He filled out a World War Registration Card on June 5, 1917, when he was living at 44 Pine Street in Nashua. His occupation was machinist, working for International Paper Box Co. He was single. He is described as being of medium height, stout body build, with grey eyes and brown hair.He was 21 when America entered the World War, and he enlisted in the Aero Squad, A.E.F. and was assigned to Co. L of the 495th. He was sent to the Aero training ground at Kelly Field, before being sent to France in March of 1918. He was killed in a vehicle accident on 22 October 1918.
November 30, 1918 Telegraph Newspaper. DETAILS OF DEATH OF CORP. FRASER, NASHUA SOLDIER. Mr. and Mrs. Simon P. Fraser of 14 Pine street, who recently received word of the death of their son Corp. Louis P. Fraser in a motor truck accident in France have received full details of the accident in a letter from Lieutenant Tourison. Lieutenant Tourison writes as follows: Headquarters 495 Aero Constr Squadron, American Expeditionary Forces, 28 October 1918. From Commanding Officer, To Mr. Simon P. Fraser, 44 Pine Street, Nashua NH. Subject–Death of Louis P. Fraser, Corporal (2349374) (1) It is with a deep feeling of sympathy and regret that I write to inform you of the death of your son on Oct. 22nd, 1918 at about 9 a.m. in a motor truck accident in company with two other men of the squadron. Louis was riding on the front seat of a flat truck in search of squadron supplies. Owing to an unavailable accident the truck left the road and overturned. Louis having jumped trying to save himself was caught under the truck and killed instantly. (2) The body was carried immediately to Base Hospital No. 52, where death was pronounced as due to a fractured skull and contusions of the chest. The remains have been buried at Rimaucourt (Haute-Marne) Military cemetery, Grave No. 229. The rites were administered by the priest of the Rimaucourt cathedral. (3) The record of your son since entering the service has been excellent, he having been promoted to the rank of corporal in recognition of his faithful and efficient services. His loss was deeply felt by the entire personnel of the squadron, for he was respected and admired by all. (4) Accept Sir, the most earnest sympathy of the officers and men of this command in your deep loss. Signature E.G. Tourison, First Lieutenant, A S U S A.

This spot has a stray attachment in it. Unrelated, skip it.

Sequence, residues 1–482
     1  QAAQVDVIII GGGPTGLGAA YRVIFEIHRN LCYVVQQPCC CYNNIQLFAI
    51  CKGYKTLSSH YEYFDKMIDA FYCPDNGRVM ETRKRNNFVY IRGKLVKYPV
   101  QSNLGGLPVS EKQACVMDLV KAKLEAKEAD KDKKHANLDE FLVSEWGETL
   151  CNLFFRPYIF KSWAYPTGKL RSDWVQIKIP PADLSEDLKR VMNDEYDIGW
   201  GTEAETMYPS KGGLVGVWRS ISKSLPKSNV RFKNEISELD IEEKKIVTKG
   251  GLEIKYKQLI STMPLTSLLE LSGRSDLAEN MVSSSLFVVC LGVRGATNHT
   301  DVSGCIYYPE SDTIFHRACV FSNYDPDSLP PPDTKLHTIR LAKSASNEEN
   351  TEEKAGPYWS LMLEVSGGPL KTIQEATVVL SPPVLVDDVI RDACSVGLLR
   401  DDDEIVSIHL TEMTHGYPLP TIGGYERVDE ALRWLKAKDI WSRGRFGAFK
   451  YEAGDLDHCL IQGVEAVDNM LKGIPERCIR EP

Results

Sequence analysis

At the time of his death two of his brothers were in the army, one connected with aviation corps and the other stationed at Camp Devens. A funeral Mass was sung for him at St. Aloysius Church, Nashua. He is buried in St. Aloysius Cemetery, Nashua.
See New Hampshire WWI Military: The Heroes of Nashua for a listing of all military who died from the city of Nashua.
[Editor’s Note: this story is part of an on-going series about heroic New Hampshire men and women of World War I. Look here for the entire listing].